Why daring to compare online prices pays off offline

Why daring to compare online prices pays off offline
Professor Onur Bodur

The sudden closures of big-box stores like Future Shop and Target may make it seem like online shopping is killing real-world stores. But shoppers are actually engaging in "web-to-store" shopping—buying offline after comparing prices online.

New research from Concordia University's John Molson School of Business shows this consumer behaviour has important implications for retailers. When setting in-store or offering price-matching guarantees, offline retailers should focus more on online retailer ratings than on offering the lowest prices.

In a study published in the Journal of Retailing, one of the top journals in the retailing field, marketing professor Onur Bodur investigates how offline is influenced by online price comparison sites (PCSs). His results from three studies show that consumers pay careful attention to things like retailer ratings, how often a product is offered at the same price, and differing price levels.

"Price comparison sites like Shopzilla and PriceGrabber are solid online information sources that display numerous retailer prices for a product type or given brand," says Bodur, who co-authored the paper with colleagues Noreen Klein from Virginia Tech, and Neeraj Arora from the University of Wisconsin-Madison.

For the study, the research team focused on how information from PCSs often acted as reference pricing for in-store shoppers. "We asked: How PCS retailer ratings would impact in-store price evaluations? Do consumers really believe super-low online prices are obtainable?" Bodur says.

"The good news for brick-and-mortar retailers is that low online prices may not be used by consumers as comparison prices. We found that offline retailers should actually focus on prices that are associated with highly rated online retailers. That's because their prices are perceived as more valid and therefore have greater impact on subsequent price evaluations," he says.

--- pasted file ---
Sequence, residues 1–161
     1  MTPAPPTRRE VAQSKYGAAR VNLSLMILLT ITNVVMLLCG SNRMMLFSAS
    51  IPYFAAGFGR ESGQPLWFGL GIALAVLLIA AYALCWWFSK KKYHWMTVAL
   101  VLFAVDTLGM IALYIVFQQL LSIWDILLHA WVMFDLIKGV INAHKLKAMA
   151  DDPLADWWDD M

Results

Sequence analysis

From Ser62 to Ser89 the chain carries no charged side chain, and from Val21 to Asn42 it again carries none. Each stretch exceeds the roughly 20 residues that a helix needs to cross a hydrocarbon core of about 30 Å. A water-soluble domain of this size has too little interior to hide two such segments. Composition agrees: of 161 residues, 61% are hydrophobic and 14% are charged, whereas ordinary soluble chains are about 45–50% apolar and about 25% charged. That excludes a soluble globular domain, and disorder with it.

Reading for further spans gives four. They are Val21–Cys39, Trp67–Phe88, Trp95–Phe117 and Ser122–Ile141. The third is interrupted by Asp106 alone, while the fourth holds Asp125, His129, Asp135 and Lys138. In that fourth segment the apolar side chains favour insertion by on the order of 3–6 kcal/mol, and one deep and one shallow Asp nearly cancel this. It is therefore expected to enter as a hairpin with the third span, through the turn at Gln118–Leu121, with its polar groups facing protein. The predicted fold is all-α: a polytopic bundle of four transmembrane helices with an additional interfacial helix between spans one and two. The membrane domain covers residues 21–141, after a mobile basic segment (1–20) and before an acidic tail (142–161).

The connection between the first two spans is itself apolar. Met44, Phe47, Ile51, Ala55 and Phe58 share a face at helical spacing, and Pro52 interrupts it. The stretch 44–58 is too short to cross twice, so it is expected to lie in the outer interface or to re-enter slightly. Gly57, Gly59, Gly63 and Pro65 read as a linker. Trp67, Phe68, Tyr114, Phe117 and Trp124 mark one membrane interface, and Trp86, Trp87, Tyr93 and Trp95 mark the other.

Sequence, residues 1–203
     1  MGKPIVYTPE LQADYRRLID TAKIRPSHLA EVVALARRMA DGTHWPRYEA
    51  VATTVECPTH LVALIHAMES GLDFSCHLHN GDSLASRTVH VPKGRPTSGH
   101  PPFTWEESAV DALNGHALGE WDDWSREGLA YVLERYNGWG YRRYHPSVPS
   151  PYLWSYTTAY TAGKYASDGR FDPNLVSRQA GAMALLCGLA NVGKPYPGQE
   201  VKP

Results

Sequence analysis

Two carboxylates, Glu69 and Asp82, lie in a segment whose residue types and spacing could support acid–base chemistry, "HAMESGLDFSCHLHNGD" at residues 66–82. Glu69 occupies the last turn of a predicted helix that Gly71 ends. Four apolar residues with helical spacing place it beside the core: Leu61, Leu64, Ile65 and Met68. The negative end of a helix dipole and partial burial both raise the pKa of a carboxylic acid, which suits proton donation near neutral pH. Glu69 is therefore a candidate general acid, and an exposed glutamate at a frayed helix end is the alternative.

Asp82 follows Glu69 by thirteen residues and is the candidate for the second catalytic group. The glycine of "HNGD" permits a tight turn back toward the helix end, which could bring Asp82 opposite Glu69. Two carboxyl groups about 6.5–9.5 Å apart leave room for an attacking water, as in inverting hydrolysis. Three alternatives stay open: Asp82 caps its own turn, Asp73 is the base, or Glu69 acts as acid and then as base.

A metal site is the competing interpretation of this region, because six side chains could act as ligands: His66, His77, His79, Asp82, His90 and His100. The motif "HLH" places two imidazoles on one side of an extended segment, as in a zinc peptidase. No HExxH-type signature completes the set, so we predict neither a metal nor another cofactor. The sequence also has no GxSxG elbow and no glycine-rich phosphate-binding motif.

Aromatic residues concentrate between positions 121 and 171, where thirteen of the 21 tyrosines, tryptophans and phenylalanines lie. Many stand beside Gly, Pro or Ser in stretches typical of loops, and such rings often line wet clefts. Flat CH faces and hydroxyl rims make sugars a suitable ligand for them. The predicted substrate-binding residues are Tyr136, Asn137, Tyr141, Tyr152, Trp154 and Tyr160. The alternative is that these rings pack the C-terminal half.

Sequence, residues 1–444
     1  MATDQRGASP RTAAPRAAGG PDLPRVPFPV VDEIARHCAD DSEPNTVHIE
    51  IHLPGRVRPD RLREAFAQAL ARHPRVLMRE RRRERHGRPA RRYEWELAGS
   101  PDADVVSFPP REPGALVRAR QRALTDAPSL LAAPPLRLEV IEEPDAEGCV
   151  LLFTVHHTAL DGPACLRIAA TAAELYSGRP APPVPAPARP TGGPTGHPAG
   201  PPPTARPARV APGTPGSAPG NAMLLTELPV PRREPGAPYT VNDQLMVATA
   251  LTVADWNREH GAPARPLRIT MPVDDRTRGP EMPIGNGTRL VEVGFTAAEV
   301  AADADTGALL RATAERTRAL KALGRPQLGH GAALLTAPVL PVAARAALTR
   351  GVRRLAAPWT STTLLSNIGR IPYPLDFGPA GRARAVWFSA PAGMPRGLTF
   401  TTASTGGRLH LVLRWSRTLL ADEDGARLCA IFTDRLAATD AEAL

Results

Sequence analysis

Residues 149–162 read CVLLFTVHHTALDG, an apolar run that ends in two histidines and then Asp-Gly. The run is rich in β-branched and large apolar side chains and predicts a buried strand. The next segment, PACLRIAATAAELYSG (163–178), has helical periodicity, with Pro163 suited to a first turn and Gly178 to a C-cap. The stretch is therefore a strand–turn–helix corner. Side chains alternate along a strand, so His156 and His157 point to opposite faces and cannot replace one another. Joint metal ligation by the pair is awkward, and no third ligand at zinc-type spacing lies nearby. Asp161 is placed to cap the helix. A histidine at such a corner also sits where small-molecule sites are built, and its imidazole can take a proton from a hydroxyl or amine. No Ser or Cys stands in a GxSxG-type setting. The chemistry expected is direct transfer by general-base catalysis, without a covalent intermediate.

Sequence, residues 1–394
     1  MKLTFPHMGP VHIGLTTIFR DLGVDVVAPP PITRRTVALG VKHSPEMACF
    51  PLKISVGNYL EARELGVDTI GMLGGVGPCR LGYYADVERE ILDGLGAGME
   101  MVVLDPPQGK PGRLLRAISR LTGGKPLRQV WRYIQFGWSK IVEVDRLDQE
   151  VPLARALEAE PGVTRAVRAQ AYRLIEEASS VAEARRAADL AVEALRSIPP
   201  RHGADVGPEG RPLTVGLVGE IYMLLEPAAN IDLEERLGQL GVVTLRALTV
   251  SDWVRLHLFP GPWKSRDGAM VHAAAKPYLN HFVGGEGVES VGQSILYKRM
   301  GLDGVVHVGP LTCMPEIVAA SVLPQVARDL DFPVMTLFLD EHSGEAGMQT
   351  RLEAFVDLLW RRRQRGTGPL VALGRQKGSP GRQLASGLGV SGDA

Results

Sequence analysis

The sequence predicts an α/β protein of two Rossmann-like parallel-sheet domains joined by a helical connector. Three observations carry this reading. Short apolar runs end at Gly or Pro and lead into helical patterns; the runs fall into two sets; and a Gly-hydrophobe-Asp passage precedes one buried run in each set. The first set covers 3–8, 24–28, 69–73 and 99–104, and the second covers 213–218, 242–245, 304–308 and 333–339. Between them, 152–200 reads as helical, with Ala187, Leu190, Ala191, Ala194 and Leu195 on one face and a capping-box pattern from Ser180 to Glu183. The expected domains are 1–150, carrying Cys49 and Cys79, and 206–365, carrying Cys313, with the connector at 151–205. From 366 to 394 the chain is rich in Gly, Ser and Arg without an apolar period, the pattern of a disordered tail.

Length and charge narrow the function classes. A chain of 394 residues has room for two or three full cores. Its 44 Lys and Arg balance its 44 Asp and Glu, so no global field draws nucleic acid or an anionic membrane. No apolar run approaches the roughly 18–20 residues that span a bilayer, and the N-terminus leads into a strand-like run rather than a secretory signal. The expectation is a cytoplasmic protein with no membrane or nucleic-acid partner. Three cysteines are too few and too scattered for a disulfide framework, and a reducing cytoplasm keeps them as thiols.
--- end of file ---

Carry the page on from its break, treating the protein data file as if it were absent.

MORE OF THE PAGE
"When there is little variation in PCS retailer ratings, offline retailers should also focus on prices that occur frequently in PCS searches and not just the low price."


Explore further

Retail pricing strategies: Do consumers prefer deep discounts or everyday low prices?

More information: Bodur, H. O., Klein, N. M., & Arora, N. (2015). Online Price Search: Impact of Price Comparison Sites on Offline Price Evaluations. Journal of Retailing, 91(1), 125–139. DOI: 10.1016/j.jretai.2014.09.003
Journal information: Journal of Retailing

Citation: Why daring to compare online prices pays off offline (2015, April 7) retrieved 18 July 2019 from https://phys.org/news/2015-04-online-prices-offline.html
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Apr 08, 2015
A great reason to do web-to-store shopping is that you are more or less guaranteed delivery and returns.

Many online stores carry no stock and instead sell directly from a wholesale vendor's or importer's online inventory. It means the shop doesn't actually have the product, the listings are often wrong or outdated - or the product is no longer being made, remaining only as a ghost in the system. That means the delivery time can be weeks to never.

Meanwhile, a brick-and-mortar store usually has the product physically there, and you can pick it up immediately instead of waiting 3-5 working days and paying for the inconvenience.You get a proper receipt and a real place to go to for warranty returns instead of mailing things around at your own cost and waiting months for replacements.

While window-shopping online is convenient, slapping a wad of cash on a counter and walking away with the product is far simpler and faster than buying online.


Apr 08, 2015
Emphasis is on the last point.

Imagine walking into a grocery store to buy a banana; the cashier hands you a printed customer account form. You fill it - he tells you to go to another desk to verify it, where another guy makes you wait 10 minutes before he agrees to stamp the form. He then directs you back to the first guy who scans your item, drops it in a paper bag, puts the bag in the mail. You offer to pay, but he writes you a bill instead. You walk out without a banana.

That's the online shopping experience in a nutshell.

Every web-store wants your name and address and banking details, email-address, your mother's maiden name, fill in this captcha, read this EULA, wait for this email... etc. etc. just to buy some simple thing. Then you'll forget your user name and password, or which email you used to verify, and have to do the same thing over and over again, in dozens of different places that pop up and dissapear over the years.

Apr 08, 2015
@Eikka

You make some very good points but increasingly products can only be bought online. I need to replace a neck support pillow, in the past I've bought them at Sears, now they can only be found online. Staples lists 29 external dvd drives but only offer one in their stores. My first choice is always a brick and mortar store but over time that isn't an option.

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